The federal government has asked the CSIRO to lend its expertise to a controversial new plan to drug-test welfare recipients.
The CSIRO says the contract is still being negotiated but is likely to go ahead after the Department of Social Services approached it in early April.
A Senate committee in Canberra has been told discussions are underway between the department and CSIRO's digital research unit, Data61, about how to implement the work.
The plan, announced in the May budget, would test thousands of new Centrelink entrants for illicit substances including ice, ecstasy and marijuana.
Officials will scrutinise sewage to find areas of high drug use, before hand-picking three trial sites for testing 5000 Newstart and Youth Allowance recipients.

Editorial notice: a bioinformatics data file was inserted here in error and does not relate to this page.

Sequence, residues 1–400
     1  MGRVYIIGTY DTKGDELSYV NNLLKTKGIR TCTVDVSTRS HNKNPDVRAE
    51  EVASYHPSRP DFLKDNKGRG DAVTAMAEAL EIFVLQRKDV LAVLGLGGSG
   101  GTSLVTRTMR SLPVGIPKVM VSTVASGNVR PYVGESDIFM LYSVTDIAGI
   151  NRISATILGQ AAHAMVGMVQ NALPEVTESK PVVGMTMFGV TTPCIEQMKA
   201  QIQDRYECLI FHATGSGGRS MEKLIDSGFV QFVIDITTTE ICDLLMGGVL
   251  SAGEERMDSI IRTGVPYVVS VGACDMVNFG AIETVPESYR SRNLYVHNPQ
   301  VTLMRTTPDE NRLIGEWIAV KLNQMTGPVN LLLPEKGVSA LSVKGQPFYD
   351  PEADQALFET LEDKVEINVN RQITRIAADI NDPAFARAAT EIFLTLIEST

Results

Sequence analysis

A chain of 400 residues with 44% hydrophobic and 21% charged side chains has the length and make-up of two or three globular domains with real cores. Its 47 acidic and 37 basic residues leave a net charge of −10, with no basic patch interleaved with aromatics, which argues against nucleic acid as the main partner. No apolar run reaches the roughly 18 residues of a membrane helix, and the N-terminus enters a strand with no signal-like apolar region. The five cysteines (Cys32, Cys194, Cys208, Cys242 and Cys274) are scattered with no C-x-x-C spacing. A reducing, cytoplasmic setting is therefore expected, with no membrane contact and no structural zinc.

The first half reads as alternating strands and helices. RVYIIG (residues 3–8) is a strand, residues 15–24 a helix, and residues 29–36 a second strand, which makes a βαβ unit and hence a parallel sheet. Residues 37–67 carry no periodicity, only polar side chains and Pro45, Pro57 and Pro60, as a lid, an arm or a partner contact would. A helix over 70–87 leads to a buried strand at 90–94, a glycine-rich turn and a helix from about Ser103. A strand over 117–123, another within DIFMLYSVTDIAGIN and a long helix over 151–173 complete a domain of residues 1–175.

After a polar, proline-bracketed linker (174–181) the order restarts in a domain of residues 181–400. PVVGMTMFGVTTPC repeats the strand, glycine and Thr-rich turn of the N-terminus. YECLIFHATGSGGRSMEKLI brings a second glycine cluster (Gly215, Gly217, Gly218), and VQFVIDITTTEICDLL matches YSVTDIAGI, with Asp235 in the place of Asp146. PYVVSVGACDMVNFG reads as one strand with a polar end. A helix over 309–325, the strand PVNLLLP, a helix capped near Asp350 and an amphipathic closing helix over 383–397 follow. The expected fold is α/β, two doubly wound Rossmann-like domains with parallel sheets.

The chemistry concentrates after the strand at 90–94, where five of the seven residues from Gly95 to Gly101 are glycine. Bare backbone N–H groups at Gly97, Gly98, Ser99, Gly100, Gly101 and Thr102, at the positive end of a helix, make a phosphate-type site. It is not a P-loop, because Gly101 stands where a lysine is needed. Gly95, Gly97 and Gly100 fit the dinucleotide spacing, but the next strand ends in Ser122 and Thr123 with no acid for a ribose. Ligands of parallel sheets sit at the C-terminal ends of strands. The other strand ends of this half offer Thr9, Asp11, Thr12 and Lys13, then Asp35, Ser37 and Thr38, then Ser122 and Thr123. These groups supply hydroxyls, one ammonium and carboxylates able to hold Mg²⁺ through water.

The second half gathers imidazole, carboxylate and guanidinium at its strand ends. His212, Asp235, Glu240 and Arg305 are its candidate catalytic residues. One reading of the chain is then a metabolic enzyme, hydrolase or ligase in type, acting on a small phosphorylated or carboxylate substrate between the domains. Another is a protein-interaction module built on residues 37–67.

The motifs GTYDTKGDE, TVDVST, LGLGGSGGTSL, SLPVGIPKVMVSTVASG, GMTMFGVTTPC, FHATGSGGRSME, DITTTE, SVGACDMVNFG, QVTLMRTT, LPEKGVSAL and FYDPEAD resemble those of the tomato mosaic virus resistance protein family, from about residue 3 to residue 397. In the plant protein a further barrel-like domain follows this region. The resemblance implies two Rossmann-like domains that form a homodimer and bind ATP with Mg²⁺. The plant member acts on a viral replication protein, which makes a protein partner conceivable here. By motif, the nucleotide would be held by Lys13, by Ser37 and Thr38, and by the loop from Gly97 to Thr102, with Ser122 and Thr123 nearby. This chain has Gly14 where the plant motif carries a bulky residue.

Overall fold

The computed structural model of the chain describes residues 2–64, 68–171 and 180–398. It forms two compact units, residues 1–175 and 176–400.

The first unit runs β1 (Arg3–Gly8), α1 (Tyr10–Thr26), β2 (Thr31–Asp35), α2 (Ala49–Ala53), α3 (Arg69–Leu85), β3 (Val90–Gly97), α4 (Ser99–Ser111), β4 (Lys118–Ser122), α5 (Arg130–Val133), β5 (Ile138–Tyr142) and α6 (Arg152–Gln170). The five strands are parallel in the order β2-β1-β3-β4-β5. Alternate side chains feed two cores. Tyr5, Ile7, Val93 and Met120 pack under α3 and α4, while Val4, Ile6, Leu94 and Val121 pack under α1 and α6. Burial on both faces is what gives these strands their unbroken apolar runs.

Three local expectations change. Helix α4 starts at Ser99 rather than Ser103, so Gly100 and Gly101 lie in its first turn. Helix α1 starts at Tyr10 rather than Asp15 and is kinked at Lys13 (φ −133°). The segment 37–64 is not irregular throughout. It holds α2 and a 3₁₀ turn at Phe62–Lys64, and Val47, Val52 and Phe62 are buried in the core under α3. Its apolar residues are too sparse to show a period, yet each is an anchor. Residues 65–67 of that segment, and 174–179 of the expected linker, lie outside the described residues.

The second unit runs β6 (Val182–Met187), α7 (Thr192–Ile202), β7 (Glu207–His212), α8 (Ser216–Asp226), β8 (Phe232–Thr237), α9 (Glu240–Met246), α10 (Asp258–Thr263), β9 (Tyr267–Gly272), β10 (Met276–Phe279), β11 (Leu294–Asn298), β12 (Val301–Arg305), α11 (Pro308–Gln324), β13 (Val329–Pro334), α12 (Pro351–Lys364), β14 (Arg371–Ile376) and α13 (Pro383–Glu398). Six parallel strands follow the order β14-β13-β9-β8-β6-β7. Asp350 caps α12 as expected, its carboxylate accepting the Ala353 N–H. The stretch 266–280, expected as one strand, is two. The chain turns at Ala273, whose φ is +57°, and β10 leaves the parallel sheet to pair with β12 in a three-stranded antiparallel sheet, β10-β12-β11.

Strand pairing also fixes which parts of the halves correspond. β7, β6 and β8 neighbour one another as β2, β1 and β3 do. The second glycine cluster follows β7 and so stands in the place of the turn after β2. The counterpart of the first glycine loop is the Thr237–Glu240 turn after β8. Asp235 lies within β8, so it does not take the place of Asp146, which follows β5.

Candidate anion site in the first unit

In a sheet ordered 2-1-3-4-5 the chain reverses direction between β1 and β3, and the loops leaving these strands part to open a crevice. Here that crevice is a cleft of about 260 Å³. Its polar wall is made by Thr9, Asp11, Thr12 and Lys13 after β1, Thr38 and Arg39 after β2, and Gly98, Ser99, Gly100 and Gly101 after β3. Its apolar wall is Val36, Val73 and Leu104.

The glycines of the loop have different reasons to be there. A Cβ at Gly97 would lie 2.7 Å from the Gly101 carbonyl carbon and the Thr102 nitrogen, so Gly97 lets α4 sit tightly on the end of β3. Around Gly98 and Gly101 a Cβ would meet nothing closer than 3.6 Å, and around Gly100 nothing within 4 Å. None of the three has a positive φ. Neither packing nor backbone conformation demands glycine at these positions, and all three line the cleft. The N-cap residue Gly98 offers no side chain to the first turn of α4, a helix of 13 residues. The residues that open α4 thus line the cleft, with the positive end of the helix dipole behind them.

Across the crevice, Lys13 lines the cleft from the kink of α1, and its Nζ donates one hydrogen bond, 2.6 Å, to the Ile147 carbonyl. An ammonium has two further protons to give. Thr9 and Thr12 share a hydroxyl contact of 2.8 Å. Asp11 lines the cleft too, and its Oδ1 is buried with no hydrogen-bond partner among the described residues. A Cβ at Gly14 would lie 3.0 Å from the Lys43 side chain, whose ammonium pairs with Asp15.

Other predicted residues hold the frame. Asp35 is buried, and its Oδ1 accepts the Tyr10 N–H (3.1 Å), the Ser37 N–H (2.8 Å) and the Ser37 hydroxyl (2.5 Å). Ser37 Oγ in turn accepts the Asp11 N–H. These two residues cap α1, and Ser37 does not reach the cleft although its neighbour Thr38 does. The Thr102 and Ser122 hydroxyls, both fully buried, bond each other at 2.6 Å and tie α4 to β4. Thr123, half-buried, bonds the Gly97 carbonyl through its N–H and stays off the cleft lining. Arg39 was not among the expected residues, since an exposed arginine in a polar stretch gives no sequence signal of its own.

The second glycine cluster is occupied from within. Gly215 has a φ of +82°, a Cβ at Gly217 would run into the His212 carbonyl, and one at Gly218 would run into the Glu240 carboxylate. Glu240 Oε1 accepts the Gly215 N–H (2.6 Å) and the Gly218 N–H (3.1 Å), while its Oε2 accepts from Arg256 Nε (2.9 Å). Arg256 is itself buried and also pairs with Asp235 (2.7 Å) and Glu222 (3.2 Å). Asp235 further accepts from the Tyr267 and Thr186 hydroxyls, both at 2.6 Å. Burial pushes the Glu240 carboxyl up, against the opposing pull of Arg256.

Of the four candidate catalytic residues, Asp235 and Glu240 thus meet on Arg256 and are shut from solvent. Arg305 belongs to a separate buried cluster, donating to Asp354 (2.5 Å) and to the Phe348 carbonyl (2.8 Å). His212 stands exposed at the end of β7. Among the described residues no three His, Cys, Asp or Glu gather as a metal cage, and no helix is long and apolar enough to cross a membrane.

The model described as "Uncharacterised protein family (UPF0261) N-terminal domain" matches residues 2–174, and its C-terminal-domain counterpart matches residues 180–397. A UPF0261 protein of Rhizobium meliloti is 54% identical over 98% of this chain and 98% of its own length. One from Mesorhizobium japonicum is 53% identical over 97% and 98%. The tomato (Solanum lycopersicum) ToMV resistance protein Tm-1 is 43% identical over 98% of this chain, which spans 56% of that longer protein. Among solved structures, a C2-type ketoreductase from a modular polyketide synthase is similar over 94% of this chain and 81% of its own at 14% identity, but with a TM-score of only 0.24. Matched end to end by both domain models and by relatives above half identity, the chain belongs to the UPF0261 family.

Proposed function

Anyone who tests positive will be shunted onto cashless welfare cards with their payments quarantined, while those who fail more than once will be referred to medical professionals for assessment and treatment.
"It's likely that we will enter into a contract once it's figured out, once it's scoped out," CSIRO boss Larry Marshall told the hearing on Thursday.
"This is an important issue, organisations all around the world are starting to use data in this way.
"As the national science agency we feel it's very important to ensure the science is done to the highest standards."
CSIRO executive David Williams said there was "no reason" why it would not proceed with the work.
CSIRO officials revealed Data61 is also helping the government with its Centrelink robo-debt debacle.
Dr Marshall said CSIRO was enlisted to provide advice on data analysis after issues with the system emerged.